Sebastian Vettel secured his fourth consecutive World Drivers’ Championship last weekend in India, winning the race in commanding fashion and underlining just how dominant he is at this stage of his career. After the race, he celebrated by doing doughnuts on the start-finish straight. His celebrations earned him a reprimand from the stewards, who also fined his Red Bull team for the incident.
The rules of Formula One are clear – each driver must proceed directly to parc fermé after the race in order for the cars to be scrutineered in the condition that they were in when they finished the race. The purpose of that rule is simple – these cars run on the limits of weight restrictions and various other regulations and the rules are designed to stop the teams from, among other things, finding ways to add weight to the cars post-race.
And here’s why Vettel’s reprimand is ridiculous: his doughnuts after the race could not possibly have helped him in scrutineering. Spinning up the rear tyres as required for doughnuts heats them up and wears them down, which reduces the overall weight of the car. Additionally, revving the engine as required to do doughnuts burns fuel, which again reduces the weight of the car.
In Formula One, each car is required to provide a fuel sample after the race, and consequently each car must have a certain amount of fuel remaining when it reaches scrutineering. Vettel’s doughnuts, which would have reduced the amount of fuel he had in the car, could only have taken him closer to risking not having enough fuel for the required sample.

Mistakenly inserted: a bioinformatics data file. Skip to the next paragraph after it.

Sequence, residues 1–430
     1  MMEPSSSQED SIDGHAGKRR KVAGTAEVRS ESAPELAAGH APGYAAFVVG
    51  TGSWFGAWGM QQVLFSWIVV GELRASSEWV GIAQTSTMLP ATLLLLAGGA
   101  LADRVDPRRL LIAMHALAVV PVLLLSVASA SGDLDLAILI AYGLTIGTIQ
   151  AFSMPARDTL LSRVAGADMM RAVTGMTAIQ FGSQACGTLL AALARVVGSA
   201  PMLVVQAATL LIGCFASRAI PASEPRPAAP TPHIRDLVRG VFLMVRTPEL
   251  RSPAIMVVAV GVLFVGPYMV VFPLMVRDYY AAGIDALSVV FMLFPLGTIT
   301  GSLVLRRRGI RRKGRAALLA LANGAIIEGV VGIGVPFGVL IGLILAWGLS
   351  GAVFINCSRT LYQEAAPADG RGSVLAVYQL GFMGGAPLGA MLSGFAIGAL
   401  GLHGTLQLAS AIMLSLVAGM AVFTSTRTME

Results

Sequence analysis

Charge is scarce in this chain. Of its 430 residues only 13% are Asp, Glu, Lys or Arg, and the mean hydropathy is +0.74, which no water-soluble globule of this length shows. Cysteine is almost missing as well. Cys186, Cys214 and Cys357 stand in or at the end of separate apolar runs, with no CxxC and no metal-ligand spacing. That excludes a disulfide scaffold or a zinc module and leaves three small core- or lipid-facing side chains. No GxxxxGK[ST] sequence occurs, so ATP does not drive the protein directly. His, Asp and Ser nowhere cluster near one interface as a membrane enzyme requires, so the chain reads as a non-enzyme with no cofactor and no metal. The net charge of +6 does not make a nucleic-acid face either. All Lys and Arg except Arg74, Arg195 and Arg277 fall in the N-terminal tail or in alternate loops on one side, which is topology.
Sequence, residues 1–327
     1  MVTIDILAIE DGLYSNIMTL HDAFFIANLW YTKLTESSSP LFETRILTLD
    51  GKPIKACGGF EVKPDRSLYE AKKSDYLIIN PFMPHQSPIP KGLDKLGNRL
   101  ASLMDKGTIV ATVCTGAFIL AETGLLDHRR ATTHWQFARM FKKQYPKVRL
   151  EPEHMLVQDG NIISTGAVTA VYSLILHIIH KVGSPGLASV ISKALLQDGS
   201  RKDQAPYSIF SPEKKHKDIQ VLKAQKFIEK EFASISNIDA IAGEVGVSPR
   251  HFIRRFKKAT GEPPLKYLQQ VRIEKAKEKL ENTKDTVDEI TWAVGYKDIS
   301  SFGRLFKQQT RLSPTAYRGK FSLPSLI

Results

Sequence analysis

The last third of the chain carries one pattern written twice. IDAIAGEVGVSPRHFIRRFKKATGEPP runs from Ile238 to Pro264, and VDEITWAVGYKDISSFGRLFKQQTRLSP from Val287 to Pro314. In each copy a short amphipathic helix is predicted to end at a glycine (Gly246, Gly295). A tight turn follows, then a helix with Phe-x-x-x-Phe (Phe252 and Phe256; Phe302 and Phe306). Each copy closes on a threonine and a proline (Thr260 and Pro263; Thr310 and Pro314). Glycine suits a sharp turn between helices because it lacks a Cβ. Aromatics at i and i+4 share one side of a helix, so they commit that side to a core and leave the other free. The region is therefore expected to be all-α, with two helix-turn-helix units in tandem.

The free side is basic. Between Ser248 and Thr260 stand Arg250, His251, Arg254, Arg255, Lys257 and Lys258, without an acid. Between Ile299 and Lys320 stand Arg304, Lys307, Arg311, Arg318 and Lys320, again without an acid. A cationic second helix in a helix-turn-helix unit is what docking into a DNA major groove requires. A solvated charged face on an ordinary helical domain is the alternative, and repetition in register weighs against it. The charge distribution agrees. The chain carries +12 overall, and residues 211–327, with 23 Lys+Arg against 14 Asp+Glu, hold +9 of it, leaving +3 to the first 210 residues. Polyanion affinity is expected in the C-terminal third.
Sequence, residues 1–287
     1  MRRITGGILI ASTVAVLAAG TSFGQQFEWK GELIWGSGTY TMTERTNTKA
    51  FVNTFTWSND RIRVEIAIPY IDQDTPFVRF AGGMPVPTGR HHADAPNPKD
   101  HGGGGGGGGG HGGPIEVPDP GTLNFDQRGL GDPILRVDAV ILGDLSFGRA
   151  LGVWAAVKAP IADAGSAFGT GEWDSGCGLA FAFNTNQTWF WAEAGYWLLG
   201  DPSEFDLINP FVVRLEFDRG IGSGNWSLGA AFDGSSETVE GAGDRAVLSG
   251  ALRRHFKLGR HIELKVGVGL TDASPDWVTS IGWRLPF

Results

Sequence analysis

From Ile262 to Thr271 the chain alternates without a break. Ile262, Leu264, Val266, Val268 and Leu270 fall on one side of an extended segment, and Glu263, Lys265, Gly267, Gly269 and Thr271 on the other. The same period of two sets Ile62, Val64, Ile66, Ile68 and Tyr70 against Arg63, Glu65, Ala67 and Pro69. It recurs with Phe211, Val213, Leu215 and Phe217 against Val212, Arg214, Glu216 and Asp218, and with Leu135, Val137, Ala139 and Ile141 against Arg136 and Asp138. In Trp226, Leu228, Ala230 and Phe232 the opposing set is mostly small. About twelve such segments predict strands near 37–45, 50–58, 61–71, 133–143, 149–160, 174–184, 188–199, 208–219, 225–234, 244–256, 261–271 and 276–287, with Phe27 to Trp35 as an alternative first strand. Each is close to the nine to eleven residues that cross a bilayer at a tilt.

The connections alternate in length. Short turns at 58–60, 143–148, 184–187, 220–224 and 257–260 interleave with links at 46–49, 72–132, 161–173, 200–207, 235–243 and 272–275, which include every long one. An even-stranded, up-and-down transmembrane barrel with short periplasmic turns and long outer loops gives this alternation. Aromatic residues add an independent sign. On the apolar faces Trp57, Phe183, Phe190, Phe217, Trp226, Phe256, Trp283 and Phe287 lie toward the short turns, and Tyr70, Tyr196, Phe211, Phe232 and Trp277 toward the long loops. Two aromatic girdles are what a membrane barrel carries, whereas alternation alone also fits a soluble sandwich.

In short, by celebrating his fourth World Championship in the manner he chose, Vettel could not possibly have gained any advantage in post-race scrutineering. The problem then is not what Vettel did, but the rules themselves. They are intended to prevent post-race cheating, but they ended up punishing an action that was clearly not going to give Vettel or Red Bull any advantage.
Apart from the technical side of the rules and the offence, the reprimand showed the disregard that Formula One rule-makers have for the fans of the sport. Vettel’s post-race celebrations were very well received by an enthusiastic crowd in India. Formula One has been trying to build up a following in India, and what Vettel did can only have helped that cause. He engaged with the fans by sharing his moment of glory with them before he shared it with anyone else.
The FIA should be recognising the positive work Vettel has done in bringing F1 closer to the fans in India, rather than punishing him for breaking a rule in a manner that could not have given him an advantage anyway.